Norrath, with its vast open spaces and limited means of travel (not even mounts on Fippy Darkpaw) speaks to my longing for a worldly world.  Places that are far away are indeed far away, exotic and dangerous.
Part of what underscores that feeling is the death mechanic.  While not quite 1999 with its naked corpse runs, the current death mechanic in EQ reinforces the world feel.  When you die, you return to your bind point.  That could be a loooong way from where you were playing which certainly makes you think more carefully about how you play.

Couple that with the fact that mobs will follow you to the zone line means you better not overcommit or wait too long to stage a tactical retreat or you might be looking at a long hike back.

Azeroth on the other hand, has progressively shrunk over the years.  Mounts, more and more flight points, and now the dungeon finder leave the world feeling more like a world of boxes.  The new phasing mechanics introduced in Wrath and used heavily in Cataclysm only make the situation worse.  If I were to explore the “world” of Cataclysm, which world would I be seeing?  If I haven’t done a specific series of quests, I will see a different world and if my friends or group mates are on a different phase than I am are literally in a different world.

The tension of course is that being able to gather the group quickly and to be placed into reasonably challenging content (as long as we’re fighting red mobs) is a huge boon to those of us with limited play time.  To most of us who have tramped the old world of Azeroth, up hill in the snow both ways, the DF feels a bit like a convenience overlayed on top of a world we knew.  For newcomers that never had to explore the world, I wonder what the place feels like.

Progression is another start contrast.  Leveling in EQ is by any measure slow.  Some would say VERY slow.  After rerolling characters for a dual box set up, I’ve only just reached level 5 after maybe 8-10 hours of play (play sessions all in, not just grind time).  That actually doesn’t feel too slow to me.  The slow rate means I have an opportunity to make money, learn to actually play my character(s) and become intimately familiar with the zones I’m working in.

WoW progression has gotten faster and faster.  Saturday’s session saw me grab almost two levels (28-30) and completely run out of rested XP bonus in about a two hour session.  Even when we first convened the instance group pre-TBC, we hit 60 well before we had exhausted the old world instances, let alone the old world quest content.  Frankly, now its hard to do anything in Azeroth that doesn’t give you XP!  Exploration xp, resource gathering xp, battleground xp, archaeology xp, etc. etc.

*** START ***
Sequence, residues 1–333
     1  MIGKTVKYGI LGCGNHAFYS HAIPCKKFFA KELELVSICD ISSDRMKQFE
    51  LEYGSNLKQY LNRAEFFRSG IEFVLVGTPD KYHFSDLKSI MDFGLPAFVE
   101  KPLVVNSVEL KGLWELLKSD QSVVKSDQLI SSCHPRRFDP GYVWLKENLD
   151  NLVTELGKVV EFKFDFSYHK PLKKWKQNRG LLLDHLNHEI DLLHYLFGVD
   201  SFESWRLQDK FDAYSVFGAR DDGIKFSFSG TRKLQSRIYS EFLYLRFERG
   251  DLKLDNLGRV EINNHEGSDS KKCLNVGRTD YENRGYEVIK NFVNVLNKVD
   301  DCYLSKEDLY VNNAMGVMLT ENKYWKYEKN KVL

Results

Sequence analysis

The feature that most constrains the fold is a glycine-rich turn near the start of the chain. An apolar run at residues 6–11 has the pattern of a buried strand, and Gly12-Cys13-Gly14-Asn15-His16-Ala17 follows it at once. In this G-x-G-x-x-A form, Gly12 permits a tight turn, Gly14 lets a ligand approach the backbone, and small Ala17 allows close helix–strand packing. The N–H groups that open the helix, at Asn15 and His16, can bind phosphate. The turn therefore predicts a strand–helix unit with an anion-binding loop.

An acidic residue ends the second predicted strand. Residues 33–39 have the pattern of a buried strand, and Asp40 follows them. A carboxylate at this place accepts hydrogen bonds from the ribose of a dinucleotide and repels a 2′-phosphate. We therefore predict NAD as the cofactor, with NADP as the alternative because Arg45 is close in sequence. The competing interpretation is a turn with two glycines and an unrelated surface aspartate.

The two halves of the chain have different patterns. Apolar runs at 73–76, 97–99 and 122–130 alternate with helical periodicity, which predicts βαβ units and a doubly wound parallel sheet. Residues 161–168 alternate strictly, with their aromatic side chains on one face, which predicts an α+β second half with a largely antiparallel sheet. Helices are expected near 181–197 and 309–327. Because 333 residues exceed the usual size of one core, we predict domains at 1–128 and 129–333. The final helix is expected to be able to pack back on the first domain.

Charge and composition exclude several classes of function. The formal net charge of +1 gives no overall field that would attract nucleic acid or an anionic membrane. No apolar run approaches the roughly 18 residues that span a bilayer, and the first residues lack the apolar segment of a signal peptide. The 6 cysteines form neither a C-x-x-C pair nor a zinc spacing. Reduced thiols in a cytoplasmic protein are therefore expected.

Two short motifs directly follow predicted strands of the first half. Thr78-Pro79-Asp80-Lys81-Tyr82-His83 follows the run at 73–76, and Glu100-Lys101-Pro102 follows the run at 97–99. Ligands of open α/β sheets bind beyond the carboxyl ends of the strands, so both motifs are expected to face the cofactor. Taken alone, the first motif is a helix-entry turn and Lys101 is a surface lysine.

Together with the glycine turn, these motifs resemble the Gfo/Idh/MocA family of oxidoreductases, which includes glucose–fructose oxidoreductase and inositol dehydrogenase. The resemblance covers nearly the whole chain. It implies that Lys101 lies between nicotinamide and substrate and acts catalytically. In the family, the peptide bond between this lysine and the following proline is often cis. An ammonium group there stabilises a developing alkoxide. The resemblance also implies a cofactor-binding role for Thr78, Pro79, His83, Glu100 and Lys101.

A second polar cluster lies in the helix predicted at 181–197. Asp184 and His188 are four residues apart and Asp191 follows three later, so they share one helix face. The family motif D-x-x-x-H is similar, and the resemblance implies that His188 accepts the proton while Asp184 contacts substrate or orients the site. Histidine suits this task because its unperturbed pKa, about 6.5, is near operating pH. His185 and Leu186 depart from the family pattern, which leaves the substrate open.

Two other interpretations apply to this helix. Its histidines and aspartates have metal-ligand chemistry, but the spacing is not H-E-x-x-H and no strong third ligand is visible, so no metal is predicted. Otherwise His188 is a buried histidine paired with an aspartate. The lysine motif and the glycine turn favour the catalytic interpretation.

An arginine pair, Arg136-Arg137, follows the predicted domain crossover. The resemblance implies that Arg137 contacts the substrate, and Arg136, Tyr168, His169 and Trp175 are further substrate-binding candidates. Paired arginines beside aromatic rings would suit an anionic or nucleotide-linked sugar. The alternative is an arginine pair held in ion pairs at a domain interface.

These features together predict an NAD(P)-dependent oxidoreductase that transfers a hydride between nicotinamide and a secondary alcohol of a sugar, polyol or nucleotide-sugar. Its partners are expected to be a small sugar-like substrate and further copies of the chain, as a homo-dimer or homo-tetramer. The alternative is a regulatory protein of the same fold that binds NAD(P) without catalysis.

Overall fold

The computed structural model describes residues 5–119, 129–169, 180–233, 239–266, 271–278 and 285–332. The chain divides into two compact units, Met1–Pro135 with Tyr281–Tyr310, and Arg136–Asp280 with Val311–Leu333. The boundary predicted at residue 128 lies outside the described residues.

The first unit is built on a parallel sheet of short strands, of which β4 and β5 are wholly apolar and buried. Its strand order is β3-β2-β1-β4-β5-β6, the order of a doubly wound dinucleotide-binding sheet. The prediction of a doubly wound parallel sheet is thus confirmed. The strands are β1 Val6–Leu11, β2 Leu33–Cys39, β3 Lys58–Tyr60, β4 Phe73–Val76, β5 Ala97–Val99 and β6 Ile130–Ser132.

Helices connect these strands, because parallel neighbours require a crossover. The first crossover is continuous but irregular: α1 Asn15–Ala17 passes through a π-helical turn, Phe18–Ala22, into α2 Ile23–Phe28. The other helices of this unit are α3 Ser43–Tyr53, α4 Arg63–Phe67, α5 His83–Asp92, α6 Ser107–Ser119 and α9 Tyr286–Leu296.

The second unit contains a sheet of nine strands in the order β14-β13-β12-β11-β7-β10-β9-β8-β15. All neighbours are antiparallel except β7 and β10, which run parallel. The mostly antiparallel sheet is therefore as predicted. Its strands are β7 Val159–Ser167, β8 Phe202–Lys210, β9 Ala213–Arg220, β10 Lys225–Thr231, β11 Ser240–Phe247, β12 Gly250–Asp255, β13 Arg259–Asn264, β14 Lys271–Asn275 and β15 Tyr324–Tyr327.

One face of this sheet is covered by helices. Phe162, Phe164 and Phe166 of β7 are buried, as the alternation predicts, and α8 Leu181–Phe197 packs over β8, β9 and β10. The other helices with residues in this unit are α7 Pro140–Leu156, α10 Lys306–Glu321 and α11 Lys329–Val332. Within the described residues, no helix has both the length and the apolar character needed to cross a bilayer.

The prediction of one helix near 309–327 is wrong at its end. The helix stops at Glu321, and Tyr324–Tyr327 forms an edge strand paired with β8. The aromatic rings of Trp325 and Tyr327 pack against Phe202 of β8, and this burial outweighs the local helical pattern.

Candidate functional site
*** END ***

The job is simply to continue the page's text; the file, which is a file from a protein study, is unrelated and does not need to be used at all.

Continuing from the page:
Progression is in the eye of the beholder, but I’m increasingly of the mind that its a bit of a binary proposition– it either needs to be slow and shallow or almost non-existent.  Anything in the middle seems to just get in the way of people being able to group and play with each other.

I’m interested to see whether my impressions change as we continue progressing through Norrath.  At some point in all games, the grind just feels like the grind, but for now I’m enjoying the more leisurely approach tramping the plains of West Karana again.

 
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Posted by on February 27, 2011 in Everquest, World of Warcraft

 

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Musings on Azeroth Lost

So now that Cataclysm has been out a while and the instance group is back in Azeroth, my general impressions are starting to coalesce.  Suffice it to say, Azeroth has indeed been shattered though perhaps not in the way you’re thinking.

The best way of summing it up is probably to describe how our little group used to play.  The stated goal was to adventure through Azeroth experiencing all of the instanced dungeons at level and with a static group.

Back in the day, that typically involved questing through a zone or series of zones following a line of quests that ultimately led you to some confrontation with enemies in a challenging instance.  The dungeon could be run just once or multiple times as you saw fit before you moved on to another area or followed a quest story line to another area with another instance.

A perfect example of this at the low level in Ye Olde Azeroth was the defias quest line through Elwynn Forest/Westfall/Redridge/Stormwind that culminated in the Deadmines instance and continued through to the Stockades, etc.

Was a time when we planned our adventures to gain experience, explore new zones and pick up the lead in quest lines to the next dungeon.  Travel wasn’t trivial (remember those long mountless runs from Southshore to Scarlet Monestary?) and coordination was at times essential so all group members were on the same stage of a key quest.
Dungeons were spaced out enough to require gaining in-world experience and without instant travel to dungeons, running instances took on something of an expeditionary quality.  Each dungeon was the culmination of a chapter of a shared adventure for our group.